“Here you have North Korea that’s taken the most provocative action since 1987, disrupting the peaceful status quo,” Cha said. “It’s all but certain that they did it, and yet the Chinese are acting like it didn’t happen.”

Yoo Ho-yeol, a professor of Korean politics and foreign policy at Korea University, said South Korea’s best option is to push for United Nations Security Council sanctions against North Korea, which would be symbolic but would have little effect on the already isolated nation.

The North is under U.N. sanctions for its May 25, 2009, nuclear test. Those sanctions include wide restrictions on the import and export of weapons, among other things.

Many believe more sanctions are unlikely because they would have to be approved by China, a member of the U.N. Security Council. That puts South Korea in a bind as it tries to respect the “special relationship” between China and North Korea, yet develop the strategic partnership it needs with the rising power, Yoo said.

“Without that, we cannot manage the security issues on the Korean peninsula,” he said.

Ryoo Kihl-jae, a professor at the University of North Korean Studies in Seoul, said South Korea should send a polite but firm message to China that it respects the communist nation’s ties with North Korea but that South Korea needs its support in dealing with its neighbor.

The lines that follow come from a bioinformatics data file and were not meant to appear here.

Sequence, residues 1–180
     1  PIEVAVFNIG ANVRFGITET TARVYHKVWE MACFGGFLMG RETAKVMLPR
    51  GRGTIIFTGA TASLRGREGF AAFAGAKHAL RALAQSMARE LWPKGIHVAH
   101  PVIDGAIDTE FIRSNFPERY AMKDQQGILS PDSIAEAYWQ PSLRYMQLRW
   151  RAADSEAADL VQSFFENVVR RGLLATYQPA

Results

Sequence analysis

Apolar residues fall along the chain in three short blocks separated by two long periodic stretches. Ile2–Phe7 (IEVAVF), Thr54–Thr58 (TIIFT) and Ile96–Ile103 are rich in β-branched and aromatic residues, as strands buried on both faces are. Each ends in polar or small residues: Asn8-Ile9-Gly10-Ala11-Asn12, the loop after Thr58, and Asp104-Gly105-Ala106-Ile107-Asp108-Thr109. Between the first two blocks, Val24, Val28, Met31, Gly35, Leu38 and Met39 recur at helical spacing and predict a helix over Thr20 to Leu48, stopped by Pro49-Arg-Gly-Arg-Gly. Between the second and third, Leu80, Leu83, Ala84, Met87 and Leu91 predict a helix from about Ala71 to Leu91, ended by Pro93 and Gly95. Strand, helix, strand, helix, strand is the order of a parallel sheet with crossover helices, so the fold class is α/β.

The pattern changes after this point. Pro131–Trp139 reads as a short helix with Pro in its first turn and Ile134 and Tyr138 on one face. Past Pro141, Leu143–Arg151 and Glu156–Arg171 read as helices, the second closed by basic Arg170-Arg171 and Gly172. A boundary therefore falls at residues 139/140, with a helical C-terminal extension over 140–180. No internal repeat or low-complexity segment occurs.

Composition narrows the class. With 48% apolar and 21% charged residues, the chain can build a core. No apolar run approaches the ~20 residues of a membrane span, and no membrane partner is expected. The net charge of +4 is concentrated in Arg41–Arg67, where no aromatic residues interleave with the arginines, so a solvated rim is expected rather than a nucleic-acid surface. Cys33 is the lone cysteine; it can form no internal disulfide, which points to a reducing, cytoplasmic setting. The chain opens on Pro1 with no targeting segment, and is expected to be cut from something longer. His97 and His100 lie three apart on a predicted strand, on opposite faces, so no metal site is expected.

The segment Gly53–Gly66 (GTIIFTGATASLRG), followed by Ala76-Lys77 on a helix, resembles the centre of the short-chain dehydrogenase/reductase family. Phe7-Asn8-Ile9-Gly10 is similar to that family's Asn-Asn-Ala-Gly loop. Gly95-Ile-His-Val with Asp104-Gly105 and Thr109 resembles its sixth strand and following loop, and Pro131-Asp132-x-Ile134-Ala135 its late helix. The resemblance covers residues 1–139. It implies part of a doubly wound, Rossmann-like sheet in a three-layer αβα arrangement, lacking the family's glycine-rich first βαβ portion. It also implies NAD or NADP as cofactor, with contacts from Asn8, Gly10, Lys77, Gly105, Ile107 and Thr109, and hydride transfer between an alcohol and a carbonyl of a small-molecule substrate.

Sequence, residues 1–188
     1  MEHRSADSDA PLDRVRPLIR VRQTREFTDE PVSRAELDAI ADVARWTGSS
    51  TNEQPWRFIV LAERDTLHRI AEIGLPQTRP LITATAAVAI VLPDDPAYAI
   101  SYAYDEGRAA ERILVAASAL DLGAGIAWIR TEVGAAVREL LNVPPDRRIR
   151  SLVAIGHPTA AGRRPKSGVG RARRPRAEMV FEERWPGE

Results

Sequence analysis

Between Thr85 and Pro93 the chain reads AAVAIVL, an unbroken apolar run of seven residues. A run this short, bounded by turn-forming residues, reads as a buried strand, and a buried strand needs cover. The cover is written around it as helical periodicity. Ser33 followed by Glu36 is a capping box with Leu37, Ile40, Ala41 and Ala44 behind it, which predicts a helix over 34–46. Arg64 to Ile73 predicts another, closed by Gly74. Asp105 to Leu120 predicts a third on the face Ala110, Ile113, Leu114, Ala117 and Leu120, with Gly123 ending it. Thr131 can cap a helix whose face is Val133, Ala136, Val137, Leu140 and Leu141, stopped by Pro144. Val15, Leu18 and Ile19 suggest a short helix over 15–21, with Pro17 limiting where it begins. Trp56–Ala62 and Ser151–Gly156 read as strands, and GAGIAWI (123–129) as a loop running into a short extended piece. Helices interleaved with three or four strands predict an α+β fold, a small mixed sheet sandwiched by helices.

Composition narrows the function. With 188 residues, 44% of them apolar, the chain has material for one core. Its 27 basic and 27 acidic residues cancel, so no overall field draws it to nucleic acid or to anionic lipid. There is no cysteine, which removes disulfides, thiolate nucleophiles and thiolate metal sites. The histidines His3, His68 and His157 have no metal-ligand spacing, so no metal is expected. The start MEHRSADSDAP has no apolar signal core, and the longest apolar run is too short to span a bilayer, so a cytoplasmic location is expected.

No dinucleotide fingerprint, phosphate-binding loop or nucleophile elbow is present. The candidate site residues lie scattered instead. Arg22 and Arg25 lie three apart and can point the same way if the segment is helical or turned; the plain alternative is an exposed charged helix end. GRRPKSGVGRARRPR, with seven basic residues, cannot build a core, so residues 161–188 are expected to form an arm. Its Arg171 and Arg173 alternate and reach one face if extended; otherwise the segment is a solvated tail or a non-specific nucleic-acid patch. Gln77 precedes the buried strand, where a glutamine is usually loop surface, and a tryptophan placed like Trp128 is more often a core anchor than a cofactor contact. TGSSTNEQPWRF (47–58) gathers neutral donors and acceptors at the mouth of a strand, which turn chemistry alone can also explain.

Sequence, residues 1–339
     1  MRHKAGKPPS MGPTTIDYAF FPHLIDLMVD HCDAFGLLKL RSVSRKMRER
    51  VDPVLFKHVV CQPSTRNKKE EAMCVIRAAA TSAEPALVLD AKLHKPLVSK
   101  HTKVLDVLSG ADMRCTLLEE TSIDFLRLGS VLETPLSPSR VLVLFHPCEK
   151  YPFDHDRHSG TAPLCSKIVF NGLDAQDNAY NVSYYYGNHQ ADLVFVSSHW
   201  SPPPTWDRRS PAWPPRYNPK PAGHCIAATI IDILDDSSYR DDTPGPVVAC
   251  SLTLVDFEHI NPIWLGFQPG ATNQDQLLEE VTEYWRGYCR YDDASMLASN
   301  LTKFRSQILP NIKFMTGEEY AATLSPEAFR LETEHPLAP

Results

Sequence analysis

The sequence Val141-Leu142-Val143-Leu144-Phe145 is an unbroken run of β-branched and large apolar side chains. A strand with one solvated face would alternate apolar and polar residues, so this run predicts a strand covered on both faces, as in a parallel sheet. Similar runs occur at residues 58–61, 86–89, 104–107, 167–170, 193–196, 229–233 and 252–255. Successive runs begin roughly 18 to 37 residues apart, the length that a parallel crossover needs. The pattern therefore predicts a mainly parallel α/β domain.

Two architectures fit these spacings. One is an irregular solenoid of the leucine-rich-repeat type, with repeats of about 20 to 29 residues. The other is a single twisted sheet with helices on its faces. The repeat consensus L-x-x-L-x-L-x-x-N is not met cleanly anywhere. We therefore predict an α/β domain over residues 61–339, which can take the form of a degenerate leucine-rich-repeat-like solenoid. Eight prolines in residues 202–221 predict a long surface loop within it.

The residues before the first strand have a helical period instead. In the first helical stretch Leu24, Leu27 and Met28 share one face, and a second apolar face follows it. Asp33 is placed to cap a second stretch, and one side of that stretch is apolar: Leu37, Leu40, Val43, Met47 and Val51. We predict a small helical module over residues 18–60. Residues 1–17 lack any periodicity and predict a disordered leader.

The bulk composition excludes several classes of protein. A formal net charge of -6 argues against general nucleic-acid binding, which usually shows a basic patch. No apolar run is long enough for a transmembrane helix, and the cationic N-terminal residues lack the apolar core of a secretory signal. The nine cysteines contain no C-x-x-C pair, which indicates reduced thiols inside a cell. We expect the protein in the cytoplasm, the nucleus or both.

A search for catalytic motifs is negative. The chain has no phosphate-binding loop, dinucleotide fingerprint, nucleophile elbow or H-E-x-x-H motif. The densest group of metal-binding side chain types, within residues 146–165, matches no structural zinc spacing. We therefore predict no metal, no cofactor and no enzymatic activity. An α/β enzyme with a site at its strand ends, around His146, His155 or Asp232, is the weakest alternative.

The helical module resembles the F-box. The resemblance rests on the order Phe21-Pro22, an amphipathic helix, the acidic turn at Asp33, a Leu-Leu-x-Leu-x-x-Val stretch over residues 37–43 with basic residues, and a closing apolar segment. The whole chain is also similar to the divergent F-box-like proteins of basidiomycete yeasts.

Even if China would acknowledge that North Korea was responsible for sinking the Cheonan, Ryoo doesn’t expect China to behave any differently toward North Korean leader Kim Jong Il, who visited China last week. Ryoo believes Kim and Chinese leaders talked about the possibility of development along the North Korea-Chinese border in a closed meeting that was unrelated to the Cheonan.

U.S support

Observers say the U.S. has handled the sinking of the Cheonan appropriately by publicly supporting its military ally and by providing analysts to a South Korean-led team investigating the sinking. If it turns out that North Korea was involved, the countries will likely step up their military alliance with naval exercises, increased surveillance and further development of military capabilities including anti-submarine warfare.

Pinkston said the U.S. and South Korea also are likely to delay the planned April 2012 transfer of wartime operational control to South Korea, after which the South would be responsible for leading its troops in a war. That responsibility now falls to the top U.S. general in South Korea.

Bigger issues

Regardless of any response South Korea may make against the North, the incident revealed command-and-control problems within South Korea’s military that will need fixing. President Lee Myung-bak learned about the sinking before top military officials did, Pinkston said.

It may also lead to a “shake up” in the navy, he said, which shouldn’t have let anything get close enough to the Cheonan to destroy it.

“There’s just no excuses,” Pinkston said. “It’s like letting a terrorist into JFK airport. You just can’t let it happen.”